"Mohammedbhai". This can happen only Bombay! The fact is that the Jews in India have no history of persecution or any conflict with Muslims and there is no reason for them to bring the Israel conflict on their doorstep....

Alinawaz said...

Incidentally we know the family behind the Dawood Fazal Truest and the fantastic work they have and are still doing, shall shortly revert with details and contact details if you are still interested.

Deepa Krishnan said...

alinawaz, I'm interested in everything and everybody :) My email id is deepa@mumbaimagic.com

Dill the Clevelander said...

Deepa, I loved your blog - though it was somewhat terse, probably because of blog (and broadband ) limitations. Your chatty story-telling style was delectable and is much appreciated. I am originally an Indian ( still am, as a matter of fact -), have lived in Cleveland, Ohio, USA for the last 40 yrs. I live in a neighborhood which is 80% Jewish, and I was doing some volunteer work to assist a jewish grad student on her sociology (!) paper. ;-) - when I ran across your blog - on Bene Israel surnames, no less. :-O)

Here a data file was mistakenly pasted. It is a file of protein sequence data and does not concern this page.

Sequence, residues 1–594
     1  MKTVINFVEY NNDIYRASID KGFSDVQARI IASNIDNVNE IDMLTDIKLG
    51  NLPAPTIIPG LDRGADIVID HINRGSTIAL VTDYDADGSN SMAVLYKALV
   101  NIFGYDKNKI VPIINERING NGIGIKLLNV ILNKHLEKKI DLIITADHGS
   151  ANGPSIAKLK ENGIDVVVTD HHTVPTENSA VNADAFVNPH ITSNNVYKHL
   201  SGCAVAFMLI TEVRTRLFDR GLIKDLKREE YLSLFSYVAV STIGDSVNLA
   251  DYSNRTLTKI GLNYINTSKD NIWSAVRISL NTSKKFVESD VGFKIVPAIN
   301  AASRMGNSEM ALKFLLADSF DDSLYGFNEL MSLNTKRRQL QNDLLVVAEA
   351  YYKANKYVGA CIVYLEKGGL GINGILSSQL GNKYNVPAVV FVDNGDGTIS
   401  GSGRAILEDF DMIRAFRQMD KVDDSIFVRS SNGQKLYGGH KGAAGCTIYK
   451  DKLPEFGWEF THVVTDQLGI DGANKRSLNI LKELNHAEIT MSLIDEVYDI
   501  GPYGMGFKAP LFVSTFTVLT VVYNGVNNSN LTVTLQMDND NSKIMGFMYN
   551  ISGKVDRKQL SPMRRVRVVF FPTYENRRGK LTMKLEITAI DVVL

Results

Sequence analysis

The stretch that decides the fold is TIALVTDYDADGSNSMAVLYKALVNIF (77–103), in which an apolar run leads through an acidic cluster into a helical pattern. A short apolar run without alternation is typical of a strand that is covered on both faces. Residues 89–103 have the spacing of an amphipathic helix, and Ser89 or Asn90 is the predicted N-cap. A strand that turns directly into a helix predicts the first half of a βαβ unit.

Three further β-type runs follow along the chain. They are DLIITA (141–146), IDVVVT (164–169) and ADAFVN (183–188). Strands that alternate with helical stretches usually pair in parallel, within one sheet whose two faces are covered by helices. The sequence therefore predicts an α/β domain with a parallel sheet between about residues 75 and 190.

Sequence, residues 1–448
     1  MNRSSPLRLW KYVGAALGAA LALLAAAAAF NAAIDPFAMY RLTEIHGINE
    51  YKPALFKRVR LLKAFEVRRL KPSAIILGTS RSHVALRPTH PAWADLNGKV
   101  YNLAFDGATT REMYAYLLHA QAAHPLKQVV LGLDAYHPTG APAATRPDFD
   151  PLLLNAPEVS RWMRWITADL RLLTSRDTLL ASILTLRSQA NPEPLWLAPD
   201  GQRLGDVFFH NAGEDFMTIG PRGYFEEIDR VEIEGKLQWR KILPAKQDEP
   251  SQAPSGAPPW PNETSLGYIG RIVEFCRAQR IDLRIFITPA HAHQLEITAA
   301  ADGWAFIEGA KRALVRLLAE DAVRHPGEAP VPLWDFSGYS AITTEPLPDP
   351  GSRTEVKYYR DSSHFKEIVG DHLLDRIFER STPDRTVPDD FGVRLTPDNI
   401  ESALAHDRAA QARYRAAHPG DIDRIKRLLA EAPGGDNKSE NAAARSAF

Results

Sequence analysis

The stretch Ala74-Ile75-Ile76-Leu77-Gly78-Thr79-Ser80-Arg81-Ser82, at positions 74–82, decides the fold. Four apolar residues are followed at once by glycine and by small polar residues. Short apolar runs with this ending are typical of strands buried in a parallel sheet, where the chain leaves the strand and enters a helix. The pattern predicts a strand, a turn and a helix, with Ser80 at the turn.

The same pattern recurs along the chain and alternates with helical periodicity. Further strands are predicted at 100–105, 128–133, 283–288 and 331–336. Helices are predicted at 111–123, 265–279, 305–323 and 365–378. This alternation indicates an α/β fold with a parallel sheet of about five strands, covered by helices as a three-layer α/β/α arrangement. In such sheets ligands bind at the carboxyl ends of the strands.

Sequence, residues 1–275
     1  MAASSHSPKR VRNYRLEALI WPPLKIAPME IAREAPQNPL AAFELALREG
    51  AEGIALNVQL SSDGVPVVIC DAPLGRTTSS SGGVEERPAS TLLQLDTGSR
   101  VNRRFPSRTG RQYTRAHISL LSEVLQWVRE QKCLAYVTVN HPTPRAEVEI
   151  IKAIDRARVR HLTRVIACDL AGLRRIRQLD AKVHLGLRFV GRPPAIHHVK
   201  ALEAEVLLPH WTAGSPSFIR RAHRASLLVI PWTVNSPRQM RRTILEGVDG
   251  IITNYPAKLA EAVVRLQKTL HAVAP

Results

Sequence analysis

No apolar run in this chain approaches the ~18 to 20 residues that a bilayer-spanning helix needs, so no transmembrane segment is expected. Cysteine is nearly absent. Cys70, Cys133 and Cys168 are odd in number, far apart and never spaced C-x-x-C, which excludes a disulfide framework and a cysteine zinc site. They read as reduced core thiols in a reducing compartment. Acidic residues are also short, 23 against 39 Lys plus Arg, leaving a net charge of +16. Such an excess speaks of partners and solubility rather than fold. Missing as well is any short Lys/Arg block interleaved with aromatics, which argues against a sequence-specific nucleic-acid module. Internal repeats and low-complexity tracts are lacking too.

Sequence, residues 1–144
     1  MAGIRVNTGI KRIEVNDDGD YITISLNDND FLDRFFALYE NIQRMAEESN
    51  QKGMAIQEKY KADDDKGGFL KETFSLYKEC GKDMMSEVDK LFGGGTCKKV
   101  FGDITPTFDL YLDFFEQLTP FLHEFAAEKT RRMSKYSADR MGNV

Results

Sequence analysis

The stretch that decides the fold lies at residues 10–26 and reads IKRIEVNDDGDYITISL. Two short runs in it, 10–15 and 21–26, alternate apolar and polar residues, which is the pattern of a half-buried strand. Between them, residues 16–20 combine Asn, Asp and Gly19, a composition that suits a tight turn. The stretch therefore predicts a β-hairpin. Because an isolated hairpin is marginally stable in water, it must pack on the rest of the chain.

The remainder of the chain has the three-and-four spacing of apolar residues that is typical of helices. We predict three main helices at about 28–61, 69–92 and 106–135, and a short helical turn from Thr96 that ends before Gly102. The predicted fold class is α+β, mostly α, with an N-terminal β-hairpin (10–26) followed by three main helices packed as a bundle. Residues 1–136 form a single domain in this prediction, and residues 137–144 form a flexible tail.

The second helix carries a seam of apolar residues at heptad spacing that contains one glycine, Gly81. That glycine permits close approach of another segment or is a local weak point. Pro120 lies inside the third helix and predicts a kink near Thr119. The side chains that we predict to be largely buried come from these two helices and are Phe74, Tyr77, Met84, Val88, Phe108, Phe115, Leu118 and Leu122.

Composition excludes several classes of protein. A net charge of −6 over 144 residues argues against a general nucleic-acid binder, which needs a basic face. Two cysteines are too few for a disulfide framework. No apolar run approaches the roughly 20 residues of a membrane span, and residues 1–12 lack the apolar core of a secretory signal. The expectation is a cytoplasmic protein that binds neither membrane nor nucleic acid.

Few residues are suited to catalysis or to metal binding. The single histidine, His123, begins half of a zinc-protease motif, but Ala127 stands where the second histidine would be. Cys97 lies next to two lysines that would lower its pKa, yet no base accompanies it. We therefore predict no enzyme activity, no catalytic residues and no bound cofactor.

I had lived in Bombay for about 11 years, off an on, and left India in 1970. I visit India and Bombay about once a year, generally in Jan-Feb. I have lived in Khar (W), Bandra (W) and Santa Cruz (W), and for a short period in Grant Road, but I have NEVER visited Bhendi bazaar or its surrounding environs, probably because of its putative fearsome reputation ( however much undeserved.)